Every fall, armies of mice invade people's basements in Vermont. These are not the rat-like city mice, but adorable little country mice with big ears, bright little eyes set wide apart and tiny round bodies—so cute you want to make pets of them. (That, by the way, is what Beatrix Potter did—she tamed them and they ran around in her bedroom while she painted them.)
Mice in the basement don't really bother me. Mice in the house are another story. Yesterday, on the kitchen counter, I found some minute specks that I thought might be caraway seeds—except that they were too small for caraway seeds, and I don't think I have any caraway in the spice rack. So I alerted the official pest management expert, and he duly set a trap.
Which worked. This morning the OPME considerately emptied the trap before I got up, and hid the contents in an empty yogurt box before taking them to the chickens.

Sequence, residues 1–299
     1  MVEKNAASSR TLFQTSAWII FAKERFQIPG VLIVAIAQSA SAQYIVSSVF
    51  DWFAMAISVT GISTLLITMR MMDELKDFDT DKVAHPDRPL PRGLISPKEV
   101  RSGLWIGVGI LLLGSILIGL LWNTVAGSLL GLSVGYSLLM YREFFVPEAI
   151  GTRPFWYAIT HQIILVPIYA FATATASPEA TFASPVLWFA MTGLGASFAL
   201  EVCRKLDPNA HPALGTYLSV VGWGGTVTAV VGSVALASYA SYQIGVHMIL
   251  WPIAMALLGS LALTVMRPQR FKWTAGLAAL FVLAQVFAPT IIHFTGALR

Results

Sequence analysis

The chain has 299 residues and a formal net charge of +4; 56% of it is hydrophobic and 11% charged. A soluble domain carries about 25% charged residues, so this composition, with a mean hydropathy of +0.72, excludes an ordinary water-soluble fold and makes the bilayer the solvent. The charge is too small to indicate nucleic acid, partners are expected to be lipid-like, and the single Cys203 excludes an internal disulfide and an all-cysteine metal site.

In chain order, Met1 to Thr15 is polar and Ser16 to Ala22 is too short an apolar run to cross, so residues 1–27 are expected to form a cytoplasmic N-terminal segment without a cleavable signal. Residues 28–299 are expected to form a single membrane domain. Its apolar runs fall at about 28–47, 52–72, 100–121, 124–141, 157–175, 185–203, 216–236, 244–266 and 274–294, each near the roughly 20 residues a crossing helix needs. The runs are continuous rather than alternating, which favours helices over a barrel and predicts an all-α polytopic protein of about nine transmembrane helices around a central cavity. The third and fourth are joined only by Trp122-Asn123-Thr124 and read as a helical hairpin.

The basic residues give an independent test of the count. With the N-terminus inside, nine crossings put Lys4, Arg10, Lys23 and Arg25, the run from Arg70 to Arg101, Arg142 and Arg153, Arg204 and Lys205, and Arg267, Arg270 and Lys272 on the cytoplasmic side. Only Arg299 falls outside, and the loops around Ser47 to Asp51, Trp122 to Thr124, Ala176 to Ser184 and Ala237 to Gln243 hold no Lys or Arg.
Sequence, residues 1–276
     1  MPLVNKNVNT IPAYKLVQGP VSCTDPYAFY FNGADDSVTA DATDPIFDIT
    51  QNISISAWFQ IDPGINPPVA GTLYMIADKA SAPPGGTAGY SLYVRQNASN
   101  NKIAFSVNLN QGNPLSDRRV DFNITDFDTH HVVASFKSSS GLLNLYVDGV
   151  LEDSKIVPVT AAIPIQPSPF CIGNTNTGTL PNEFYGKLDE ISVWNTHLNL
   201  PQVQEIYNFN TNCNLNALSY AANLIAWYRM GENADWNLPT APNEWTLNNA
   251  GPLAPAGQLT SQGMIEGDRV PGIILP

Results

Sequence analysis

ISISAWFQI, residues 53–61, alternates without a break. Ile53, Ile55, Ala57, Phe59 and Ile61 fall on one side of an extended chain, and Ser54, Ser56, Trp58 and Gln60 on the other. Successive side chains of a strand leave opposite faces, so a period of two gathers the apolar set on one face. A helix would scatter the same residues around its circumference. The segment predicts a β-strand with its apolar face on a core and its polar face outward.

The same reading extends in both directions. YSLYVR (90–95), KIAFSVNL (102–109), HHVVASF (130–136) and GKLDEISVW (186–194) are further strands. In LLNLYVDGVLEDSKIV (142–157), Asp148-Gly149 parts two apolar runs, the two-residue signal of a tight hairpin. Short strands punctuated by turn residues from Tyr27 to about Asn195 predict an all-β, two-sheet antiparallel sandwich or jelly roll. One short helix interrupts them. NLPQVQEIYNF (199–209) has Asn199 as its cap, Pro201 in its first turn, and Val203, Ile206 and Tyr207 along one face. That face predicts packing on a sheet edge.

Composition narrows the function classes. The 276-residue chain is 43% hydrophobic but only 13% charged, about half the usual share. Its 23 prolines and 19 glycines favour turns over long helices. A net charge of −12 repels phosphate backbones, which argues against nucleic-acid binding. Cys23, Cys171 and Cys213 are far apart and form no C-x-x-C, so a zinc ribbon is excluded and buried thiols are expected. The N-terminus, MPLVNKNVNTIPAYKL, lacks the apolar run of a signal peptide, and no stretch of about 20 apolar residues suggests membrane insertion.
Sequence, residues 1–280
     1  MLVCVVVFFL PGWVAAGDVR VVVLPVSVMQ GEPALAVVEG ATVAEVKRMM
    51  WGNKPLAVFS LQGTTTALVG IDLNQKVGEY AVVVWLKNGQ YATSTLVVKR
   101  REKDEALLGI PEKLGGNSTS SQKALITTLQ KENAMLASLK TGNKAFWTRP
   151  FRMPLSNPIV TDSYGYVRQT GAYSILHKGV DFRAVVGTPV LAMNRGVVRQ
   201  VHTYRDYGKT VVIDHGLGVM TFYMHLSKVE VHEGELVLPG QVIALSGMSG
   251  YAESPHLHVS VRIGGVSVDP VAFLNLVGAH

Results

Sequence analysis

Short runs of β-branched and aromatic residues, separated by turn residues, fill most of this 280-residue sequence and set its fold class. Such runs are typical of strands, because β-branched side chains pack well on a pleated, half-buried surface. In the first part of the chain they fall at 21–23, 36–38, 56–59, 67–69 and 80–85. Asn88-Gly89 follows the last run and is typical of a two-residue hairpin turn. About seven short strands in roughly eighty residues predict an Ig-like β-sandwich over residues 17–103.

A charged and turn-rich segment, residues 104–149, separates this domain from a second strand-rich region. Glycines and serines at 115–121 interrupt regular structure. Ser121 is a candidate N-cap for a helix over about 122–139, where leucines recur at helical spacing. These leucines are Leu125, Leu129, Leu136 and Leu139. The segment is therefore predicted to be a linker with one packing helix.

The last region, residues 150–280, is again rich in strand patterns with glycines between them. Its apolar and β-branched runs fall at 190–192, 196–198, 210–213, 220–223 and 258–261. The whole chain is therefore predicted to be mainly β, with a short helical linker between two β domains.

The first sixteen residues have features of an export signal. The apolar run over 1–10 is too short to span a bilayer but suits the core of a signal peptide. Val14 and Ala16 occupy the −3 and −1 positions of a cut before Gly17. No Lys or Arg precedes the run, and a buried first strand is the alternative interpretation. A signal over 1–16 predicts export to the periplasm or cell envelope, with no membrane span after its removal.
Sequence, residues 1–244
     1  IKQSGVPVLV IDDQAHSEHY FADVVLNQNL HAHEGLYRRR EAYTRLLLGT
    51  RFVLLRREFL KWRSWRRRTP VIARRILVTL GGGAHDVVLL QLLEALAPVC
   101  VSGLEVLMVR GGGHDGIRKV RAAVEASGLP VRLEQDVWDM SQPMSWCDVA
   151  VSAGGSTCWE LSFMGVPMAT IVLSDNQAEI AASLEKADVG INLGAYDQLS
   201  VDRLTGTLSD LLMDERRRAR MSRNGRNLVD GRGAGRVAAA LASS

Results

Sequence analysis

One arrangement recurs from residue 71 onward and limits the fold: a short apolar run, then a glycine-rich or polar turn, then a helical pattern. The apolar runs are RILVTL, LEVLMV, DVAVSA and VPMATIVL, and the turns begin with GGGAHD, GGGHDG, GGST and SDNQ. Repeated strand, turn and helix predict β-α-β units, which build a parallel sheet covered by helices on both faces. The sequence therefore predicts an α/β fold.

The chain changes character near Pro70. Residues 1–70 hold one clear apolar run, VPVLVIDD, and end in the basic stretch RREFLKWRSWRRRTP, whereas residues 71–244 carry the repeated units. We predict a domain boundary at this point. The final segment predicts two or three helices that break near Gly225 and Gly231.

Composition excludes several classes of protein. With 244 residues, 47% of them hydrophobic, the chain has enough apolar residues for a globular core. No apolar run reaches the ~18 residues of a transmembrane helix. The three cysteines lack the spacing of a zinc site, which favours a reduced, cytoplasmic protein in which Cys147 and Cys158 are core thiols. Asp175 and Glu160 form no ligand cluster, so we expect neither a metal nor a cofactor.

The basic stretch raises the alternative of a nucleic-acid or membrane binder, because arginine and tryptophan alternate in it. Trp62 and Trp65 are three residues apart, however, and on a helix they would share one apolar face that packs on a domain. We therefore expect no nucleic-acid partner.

Yes, the chickens. You don't think we'd waste a mouse, do you? A lovely bit of fresh organic protein in the middle of this barren season would cheer the hens no end. I was filling the chickens' water dish when the OPME came in with the yogurt box. He opened it, dumped out the little cadaver...I won't describe the scene, but will refer you instead to the Old Testament, to the part where Jezebel is thrown to the dogs.
We've fed our chickens other kinds of exotic protein in the past. Back when we used a Japanese Beetle trap (we don't anymore, because they attract more bugs than they catch), we would empty it into a bucket of hot water, swish the beetles around and throw them on the compost pile. The hens would congregate around the bugs like party guests around the shrimp platter, and gorge until not a single one was left.
Tonight we're having spinach omelette for dinner (homegrown spinach, ditto eggs). When I crack open those pinky-brown eggs, I will remember the mouse, which, through the miracle of the hen, has been transubstantiated from pest to protein, and I will give thanks.